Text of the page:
Standard Test Method for One-Dimensional Consolidation Properties of Saturated Cohesive Soils Using Controlled-Strain Loading
|Publication Date:||1 November 2012|
|ICS Code (Earthworks. Excavations. Foundation construction. Underground works):||93.020|
This test method is for the determination of the magnitude and
This test method provides for the calculation of total and effective axial stresses, and axial strain from the measurement of axial force, axial deformation, chamber pressure, and base excess pressure. The effective stress is computed using steady state equations.
This test method provides for the calculation of the coefficient of consolidation and the hydraulic conductivity throughout the loading process. These values are also based on steady state equations.
This test method makes use of steady state equations resulting from a theory formulated under particular assumptions. Section 5.5 presents these assumptions.
The behavior of cohesive soils is strain rate dependent and hence the results of a CRS test are sensitive to the imposed rate of strain. This test method imposes limits on the strain rate to provide comparable results to the incremental consolidation test (Test Method D2435).
The determination of the rate and magnitude of consolidation of soil when it is subjected to incremental loading is covered by Test Method D2435.
This test method applies to intact (Group C and Group D of Practice D4220), remolded, or laboratory reconstituted samples.
This test method is most often used for materials of relatively low hydraulic conductivity that generate measurable excess base pressures. It may be used to measure the compression behavior of essentially free draining soils but will not provide a measure of the hydraulic conductivity or coefficient of consolidation.
All recorded and calculated values shall conform to the guide for significant digits and rounding established in Practice D6026, unless superseded by this test method. The significant digits specified throughout this standard are based on the assumption that data will be collected over an axial stress range from 1% of the maximum stress to the maximum stress value.
The procedures used to specify how data are collected/ recorded and calculated in this standard are regarded as the industry standard. In addition, they are representative of the significant digits that should generally be retained. The procedures used do not consider material variation, purpose for obtaining the data, special purpose studies, or any considerations for the user's objectives; and it is common practice to increase or reduce significant digits of reported data to be commensurate with these considerations. It is beyond the scope of this standard to consider significant digits used in analysis methods for engineering design.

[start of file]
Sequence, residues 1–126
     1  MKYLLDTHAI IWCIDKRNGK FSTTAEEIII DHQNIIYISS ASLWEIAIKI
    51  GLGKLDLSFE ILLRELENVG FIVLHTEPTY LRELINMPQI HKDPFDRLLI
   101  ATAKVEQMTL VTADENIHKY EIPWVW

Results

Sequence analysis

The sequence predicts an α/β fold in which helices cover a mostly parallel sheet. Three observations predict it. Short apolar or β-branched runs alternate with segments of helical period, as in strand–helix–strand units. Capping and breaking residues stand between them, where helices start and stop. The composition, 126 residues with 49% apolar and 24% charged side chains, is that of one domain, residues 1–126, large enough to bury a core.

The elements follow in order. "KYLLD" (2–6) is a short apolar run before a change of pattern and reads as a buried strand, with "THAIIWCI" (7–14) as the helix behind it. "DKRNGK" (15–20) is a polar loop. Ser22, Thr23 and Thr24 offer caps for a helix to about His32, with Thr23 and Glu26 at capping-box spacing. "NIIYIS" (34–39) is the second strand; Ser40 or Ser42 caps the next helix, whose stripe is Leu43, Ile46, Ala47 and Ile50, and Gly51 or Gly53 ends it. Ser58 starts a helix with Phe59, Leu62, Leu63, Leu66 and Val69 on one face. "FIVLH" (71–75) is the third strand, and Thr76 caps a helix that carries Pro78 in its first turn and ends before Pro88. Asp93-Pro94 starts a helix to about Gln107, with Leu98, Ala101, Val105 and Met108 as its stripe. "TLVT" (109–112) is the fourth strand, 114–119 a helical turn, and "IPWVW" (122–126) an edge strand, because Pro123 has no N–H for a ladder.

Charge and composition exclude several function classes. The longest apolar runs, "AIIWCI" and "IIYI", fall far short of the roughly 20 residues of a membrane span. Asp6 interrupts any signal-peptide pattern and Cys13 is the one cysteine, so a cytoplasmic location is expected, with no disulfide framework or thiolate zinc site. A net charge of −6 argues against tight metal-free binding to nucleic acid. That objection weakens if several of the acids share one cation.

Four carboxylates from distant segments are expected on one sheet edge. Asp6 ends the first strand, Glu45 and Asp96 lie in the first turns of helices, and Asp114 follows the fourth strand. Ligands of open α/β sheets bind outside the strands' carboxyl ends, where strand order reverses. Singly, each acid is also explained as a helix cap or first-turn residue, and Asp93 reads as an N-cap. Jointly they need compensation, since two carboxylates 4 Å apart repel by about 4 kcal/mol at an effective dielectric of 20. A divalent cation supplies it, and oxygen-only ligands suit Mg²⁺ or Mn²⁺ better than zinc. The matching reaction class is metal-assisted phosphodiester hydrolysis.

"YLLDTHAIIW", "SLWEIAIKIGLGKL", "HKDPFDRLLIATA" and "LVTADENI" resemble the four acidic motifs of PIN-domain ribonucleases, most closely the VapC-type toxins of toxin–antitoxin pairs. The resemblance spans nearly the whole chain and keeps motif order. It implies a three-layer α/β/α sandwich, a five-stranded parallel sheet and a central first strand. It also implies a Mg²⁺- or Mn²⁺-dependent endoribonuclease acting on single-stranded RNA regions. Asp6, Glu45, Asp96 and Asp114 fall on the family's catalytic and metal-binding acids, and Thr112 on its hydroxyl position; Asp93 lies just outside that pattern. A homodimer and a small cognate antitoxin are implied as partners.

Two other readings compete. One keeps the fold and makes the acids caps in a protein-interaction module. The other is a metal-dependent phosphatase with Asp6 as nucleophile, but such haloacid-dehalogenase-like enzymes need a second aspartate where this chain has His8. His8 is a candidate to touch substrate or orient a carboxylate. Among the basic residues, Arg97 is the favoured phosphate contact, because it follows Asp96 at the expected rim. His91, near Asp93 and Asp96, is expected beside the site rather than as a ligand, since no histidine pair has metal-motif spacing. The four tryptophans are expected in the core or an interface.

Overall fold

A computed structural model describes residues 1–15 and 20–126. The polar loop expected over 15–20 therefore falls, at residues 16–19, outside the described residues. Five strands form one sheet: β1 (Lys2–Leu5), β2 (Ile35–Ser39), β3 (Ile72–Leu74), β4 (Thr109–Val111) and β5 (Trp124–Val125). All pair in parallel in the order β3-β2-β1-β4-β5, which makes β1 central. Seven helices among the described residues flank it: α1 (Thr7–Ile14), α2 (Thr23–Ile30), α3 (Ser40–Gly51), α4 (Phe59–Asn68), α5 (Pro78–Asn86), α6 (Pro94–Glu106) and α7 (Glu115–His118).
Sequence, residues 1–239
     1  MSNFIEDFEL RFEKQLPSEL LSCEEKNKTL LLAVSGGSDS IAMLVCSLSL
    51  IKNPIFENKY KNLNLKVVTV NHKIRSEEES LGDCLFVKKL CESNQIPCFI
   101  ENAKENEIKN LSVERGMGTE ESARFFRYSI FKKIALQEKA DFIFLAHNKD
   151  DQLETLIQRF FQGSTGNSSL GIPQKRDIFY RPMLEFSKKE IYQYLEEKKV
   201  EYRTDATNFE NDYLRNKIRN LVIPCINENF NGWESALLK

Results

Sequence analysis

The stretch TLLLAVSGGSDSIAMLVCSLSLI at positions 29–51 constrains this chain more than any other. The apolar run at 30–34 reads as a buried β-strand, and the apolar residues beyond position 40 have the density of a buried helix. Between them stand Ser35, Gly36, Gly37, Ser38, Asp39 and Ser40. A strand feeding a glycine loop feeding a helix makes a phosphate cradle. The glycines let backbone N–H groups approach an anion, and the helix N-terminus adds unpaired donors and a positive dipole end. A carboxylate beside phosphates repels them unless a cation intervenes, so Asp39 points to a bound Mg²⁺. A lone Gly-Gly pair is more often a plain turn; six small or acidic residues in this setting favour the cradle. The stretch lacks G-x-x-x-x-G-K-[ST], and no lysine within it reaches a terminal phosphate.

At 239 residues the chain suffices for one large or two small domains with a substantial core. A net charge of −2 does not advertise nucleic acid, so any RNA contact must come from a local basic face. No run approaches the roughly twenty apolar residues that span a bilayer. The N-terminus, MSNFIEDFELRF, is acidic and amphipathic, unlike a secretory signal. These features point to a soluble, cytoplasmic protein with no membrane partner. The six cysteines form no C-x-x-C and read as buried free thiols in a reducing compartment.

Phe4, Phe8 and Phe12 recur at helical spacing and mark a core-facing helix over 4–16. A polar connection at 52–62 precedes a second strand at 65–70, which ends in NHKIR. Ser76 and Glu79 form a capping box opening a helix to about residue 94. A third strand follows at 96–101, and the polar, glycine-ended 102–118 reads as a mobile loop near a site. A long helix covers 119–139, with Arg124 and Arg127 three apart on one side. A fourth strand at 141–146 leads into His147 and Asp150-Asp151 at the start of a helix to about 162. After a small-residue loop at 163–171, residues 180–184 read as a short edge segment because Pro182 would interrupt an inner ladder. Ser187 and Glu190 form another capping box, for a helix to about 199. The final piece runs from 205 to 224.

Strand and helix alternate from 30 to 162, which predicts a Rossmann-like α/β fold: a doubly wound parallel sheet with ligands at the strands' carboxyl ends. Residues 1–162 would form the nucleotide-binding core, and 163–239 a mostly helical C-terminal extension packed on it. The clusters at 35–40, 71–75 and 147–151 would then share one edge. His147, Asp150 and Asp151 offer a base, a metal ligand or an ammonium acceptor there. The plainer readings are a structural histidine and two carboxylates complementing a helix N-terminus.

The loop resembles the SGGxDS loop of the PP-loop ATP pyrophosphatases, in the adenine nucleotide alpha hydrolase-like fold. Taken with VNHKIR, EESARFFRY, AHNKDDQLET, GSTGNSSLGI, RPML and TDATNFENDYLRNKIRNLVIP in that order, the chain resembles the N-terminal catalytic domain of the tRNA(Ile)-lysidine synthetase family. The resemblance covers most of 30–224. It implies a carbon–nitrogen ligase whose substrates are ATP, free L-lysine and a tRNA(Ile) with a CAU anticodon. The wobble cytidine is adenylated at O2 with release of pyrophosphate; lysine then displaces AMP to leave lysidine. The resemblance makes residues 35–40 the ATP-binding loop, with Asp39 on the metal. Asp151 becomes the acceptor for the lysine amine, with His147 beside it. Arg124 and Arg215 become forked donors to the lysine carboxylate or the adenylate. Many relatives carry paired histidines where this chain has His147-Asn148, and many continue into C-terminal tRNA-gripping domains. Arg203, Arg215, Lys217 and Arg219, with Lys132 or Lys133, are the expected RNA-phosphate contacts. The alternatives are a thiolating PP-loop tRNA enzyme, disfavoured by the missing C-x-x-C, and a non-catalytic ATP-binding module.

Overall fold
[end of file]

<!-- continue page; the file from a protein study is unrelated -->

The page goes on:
Measurements made to more significant digits or better sensitivity than specified in this standard shall not be regarded a non-conformance with this standard.
Units-The values stated in either SI units or inchpound units [given in brackets] are to be regarded separately as standard. The values stated in each system may not be exact equivalents; therefore, each system shall be used independently of the other. Combining values from the two systems may result in non-conformance with the standard.
The gravitational system is used when working with inch-pound units. In this system, the pound (lbf) represents a unit of force (weight), while the unit for mass is slugs. The rationalized slug unit is not given, unless dynamic (F = ma) calculations are involved.
It is common practice in the engineering/construc
This standard may involve hazardous materials, operations, and equipment. This standard does not purport to address all of the safety concerns, if any, associated with its use. It is the responsibility of the user of this standard to establish appropriate safety and health practices and determine the applicability of regulatory limitations prior to use.
*A Summary of Changes section appears at the end of this standard